Rivals celebrate 'rough draft' of human genome

History will be made on Monday with simultaneous announcements on both side of the Atlantic that scientists have completed the first "rough draft" of the human genome - the digital recipe encoded in our DNA for making man and woman.

History will be made on Monday with simultaneous announcements on both side of the Atlantic that scientists have completed the first "rough draft" of the human genome - the digital recipe encoded in our DNA for making man and woman.

Bill Clinton and Tony Blair are expected jointly to welcome completion of 90 per cent of the code in what has been called the age's most monumental scientific project. The 90 per cent figure was chosen as the point at which the genome would have scientific value.

The occasion will be marked by a rapprochement between the two rivals to be first to sequence the 3 billion "letters" of the genetic code wrapped within the 23 pairs of human chromosomes. Francis Collins, head of the publicly funded Human Genome Project based at the National Institutes of Health in the US, is to share the glory with Craig Venter, head of the privately funded Celera Genomics, in Rockville, Maryland.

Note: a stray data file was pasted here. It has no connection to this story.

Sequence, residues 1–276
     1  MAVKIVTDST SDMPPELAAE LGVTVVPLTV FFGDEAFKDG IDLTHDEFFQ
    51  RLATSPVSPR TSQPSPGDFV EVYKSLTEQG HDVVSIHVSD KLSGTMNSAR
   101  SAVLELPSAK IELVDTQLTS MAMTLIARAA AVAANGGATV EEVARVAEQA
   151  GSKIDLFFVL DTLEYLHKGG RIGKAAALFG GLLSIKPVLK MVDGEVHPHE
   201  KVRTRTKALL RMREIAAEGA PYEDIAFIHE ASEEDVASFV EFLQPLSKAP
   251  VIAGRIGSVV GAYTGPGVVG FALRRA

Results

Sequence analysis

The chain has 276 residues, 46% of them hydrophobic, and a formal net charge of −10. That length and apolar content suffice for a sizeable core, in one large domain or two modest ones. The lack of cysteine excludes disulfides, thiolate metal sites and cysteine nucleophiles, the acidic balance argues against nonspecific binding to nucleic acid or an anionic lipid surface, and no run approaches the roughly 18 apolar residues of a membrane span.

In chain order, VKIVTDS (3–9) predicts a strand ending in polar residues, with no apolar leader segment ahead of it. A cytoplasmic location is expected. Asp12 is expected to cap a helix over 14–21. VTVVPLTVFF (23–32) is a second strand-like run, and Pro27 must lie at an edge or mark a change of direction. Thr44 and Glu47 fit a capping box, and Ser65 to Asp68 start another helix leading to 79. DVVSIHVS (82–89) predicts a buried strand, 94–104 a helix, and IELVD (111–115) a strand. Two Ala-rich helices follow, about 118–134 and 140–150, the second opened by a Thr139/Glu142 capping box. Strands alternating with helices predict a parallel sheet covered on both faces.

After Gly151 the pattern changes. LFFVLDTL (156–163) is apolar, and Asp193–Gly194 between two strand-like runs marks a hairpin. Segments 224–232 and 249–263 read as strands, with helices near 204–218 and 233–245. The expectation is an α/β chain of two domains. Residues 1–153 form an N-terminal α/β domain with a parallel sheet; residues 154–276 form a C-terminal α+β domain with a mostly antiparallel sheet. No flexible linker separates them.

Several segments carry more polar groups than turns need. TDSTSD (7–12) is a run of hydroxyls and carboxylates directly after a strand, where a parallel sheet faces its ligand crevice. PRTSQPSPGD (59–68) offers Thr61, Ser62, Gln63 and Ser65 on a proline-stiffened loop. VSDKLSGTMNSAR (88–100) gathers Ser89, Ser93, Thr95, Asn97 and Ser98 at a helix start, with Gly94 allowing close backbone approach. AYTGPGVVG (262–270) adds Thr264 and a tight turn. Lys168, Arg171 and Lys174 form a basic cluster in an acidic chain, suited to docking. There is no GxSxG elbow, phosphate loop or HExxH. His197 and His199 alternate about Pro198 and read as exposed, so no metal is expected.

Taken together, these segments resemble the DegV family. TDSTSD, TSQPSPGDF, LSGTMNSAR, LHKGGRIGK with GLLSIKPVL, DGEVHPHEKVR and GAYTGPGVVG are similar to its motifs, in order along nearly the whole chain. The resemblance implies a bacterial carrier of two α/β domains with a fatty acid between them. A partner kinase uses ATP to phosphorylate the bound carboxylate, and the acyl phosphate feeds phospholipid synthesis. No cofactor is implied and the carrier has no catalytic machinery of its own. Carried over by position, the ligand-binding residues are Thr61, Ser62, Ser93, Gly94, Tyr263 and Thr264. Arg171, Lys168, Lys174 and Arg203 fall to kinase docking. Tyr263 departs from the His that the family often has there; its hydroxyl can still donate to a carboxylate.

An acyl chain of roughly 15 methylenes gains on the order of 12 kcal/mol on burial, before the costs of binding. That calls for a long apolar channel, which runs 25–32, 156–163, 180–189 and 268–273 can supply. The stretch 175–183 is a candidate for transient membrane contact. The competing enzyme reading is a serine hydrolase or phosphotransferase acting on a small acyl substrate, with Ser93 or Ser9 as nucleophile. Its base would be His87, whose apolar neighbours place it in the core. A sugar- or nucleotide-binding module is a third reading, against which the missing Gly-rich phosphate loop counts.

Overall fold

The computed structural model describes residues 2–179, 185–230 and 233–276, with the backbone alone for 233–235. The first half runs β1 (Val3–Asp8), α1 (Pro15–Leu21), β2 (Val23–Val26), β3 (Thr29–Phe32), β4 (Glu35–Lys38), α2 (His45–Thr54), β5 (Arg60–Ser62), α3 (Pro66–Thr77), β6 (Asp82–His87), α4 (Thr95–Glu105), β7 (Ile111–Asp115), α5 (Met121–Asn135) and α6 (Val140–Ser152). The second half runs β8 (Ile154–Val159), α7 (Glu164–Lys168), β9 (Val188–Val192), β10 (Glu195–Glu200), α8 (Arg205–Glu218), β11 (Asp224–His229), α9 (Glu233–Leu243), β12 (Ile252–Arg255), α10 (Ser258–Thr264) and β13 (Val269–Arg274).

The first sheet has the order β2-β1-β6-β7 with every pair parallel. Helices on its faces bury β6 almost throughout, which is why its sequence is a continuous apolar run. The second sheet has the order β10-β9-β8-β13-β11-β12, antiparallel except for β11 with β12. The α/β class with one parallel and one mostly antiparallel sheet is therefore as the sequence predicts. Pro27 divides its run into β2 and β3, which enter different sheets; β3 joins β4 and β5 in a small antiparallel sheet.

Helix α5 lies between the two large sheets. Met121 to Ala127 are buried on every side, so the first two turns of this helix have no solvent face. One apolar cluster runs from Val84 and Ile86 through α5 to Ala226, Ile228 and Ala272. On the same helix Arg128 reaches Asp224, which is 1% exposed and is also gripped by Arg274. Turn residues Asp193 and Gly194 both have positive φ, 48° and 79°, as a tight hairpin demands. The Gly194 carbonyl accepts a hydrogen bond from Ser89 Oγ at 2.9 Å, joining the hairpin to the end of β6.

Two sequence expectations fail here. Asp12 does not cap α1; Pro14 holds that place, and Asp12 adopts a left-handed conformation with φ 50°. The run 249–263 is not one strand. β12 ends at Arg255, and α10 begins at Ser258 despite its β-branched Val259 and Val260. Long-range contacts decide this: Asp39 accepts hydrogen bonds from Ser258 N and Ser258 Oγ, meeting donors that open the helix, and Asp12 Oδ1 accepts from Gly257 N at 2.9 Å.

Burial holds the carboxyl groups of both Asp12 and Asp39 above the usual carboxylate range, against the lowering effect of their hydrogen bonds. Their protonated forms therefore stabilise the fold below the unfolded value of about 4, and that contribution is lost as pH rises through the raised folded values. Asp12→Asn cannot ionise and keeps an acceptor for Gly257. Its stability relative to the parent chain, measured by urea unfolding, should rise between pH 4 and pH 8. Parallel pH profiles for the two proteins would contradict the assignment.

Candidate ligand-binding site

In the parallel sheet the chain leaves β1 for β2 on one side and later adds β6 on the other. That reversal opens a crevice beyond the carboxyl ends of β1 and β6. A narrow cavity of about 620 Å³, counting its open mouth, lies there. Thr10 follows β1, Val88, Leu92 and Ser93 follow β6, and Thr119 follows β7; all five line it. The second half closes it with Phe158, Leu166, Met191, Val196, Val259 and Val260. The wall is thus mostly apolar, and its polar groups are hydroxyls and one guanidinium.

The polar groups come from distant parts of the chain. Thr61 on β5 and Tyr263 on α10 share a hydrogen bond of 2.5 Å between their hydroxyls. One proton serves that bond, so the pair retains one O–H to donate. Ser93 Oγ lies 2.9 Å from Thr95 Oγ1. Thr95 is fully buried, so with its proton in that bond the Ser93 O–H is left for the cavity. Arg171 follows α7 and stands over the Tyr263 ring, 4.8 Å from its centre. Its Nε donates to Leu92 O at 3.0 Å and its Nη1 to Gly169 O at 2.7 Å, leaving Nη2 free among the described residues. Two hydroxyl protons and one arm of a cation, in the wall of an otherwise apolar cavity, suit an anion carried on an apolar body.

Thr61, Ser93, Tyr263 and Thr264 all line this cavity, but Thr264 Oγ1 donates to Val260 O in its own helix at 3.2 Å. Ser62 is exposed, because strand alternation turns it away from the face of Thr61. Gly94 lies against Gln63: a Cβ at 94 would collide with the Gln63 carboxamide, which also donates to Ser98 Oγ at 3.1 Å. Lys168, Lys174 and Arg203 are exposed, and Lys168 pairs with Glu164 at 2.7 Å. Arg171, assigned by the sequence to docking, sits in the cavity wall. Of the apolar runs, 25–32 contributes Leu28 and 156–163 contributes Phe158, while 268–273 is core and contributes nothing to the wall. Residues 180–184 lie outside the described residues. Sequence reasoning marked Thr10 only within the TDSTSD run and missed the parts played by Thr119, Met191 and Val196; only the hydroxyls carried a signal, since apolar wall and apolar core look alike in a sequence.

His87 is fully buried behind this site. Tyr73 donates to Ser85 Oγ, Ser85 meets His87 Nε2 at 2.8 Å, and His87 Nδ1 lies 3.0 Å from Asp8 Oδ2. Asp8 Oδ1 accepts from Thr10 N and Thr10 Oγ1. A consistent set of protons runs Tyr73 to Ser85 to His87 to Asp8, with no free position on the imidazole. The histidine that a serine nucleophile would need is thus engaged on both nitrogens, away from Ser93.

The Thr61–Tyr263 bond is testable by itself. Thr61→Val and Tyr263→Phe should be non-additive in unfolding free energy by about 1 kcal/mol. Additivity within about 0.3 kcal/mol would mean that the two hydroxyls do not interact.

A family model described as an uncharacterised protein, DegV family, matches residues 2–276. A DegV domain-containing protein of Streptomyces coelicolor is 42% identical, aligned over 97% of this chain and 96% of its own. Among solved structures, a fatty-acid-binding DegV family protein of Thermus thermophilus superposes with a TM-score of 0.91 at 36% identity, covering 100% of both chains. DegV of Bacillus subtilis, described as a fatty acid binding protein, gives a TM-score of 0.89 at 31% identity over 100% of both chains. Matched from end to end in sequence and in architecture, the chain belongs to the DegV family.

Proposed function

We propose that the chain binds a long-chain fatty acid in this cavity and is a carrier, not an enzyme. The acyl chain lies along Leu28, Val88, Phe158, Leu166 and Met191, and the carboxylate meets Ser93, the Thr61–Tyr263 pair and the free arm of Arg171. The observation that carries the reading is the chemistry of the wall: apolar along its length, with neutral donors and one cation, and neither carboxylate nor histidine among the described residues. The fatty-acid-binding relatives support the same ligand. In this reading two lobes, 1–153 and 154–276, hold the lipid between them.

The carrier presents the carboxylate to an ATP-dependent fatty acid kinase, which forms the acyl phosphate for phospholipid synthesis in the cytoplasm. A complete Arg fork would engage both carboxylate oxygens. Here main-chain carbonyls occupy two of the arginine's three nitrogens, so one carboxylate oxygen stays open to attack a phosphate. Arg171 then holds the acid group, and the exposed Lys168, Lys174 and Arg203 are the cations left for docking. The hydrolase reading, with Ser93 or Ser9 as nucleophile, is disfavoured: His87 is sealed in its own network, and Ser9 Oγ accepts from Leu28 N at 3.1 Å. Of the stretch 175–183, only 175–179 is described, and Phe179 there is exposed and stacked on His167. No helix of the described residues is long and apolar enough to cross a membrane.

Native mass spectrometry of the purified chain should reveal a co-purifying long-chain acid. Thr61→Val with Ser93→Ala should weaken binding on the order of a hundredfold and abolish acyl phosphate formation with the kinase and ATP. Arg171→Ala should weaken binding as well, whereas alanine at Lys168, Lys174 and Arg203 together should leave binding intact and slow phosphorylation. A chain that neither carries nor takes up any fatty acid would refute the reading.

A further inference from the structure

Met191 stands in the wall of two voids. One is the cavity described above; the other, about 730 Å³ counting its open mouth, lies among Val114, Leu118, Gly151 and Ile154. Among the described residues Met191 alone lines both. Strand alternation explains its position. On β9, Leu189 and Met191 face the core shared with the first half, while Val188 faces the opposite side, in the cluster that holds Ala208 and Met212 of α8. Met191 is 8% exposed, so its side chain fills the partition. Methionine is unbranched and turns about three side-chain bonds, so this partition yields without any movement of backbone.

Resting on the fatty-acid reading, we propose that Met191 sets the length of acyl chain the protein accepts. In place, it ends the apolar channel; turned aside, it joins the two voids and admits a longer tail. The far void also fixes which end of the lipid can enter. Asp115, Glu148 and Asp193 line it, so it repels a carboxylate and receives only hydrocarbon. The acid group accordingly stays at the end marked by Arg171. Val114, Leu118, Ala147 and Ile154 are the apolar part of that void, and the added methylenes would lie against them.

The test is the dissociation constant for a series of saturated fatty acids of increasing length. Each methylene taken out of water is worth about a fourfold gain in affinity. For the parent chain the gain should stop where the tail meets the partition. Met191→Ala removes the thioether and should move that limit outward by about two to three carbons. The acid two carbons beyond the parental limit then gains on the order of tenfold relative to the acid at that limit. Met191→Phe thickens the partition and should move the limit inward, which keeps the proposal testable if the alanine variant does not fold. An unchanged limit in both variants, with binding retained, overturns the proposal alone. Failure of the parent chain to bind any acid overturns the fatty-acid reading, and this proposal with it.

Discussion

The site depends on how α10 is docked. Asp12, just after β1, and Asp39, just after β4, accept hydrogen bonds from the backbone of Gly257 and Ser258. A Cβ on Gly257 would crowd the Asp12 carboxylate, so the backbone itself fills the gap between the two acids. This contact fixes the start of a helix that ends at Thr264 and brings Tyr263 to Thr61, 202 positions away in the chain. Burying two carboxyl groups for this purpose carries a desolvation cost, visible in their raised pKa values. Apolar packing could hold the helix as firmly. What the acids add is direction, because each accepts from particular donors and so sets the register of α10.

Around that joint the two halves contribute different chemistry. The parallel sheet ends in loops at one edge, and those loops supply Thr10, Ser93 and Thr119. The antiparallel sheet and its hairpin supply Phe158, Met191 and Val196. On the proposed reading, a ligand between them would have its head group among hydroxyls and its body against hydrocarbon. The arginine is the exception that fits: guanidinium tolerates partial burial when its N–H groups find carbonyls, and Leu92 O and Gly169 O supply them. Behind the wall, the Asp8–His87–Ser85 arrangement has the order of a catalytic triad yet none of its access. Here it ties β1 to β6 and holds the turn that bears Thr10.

The White House is understood to have been instrumental in forcing the sides together to demonstrate that the occasion is too important to be marred by personal rivalries. The Human Genome Project, set up a decade ago, has been orchestrated from five institutes, including the Wellcome Trust's Sanger Centre near Cambridge. Dr Venter's private investors had hoped Celera would sequence enough of the genetic code to form a valuable database that could be sold to drug companies and others hoping to develop the medical therapies of the 21st century.

Both sides have exchanged bitter words, with members of the Human Genome Project saying its policy of openly publishing DNA sequences on the internet as soon as they are completed was at ethical odds with Celera's more secretive approach built around patents.

The final 10 per cent of the genome is to be finished by 2003, several years ahead ofschedule. The task of working out what each of the 50,000 or so human genes does has begun.

One of the first jobs will be to count the genes. Estimates have varied from 30,000 to 150,000. Completion of the human genome will enable scientists to develop tests for inherited diseases as well as the genetic predisposition for such disorders as cancer and heart disease. Scientists believe it will also open the doors to an era of "personalised medicine" when a patient's genetic constitution is taken into account before doctors prescribe drugs or therapies.

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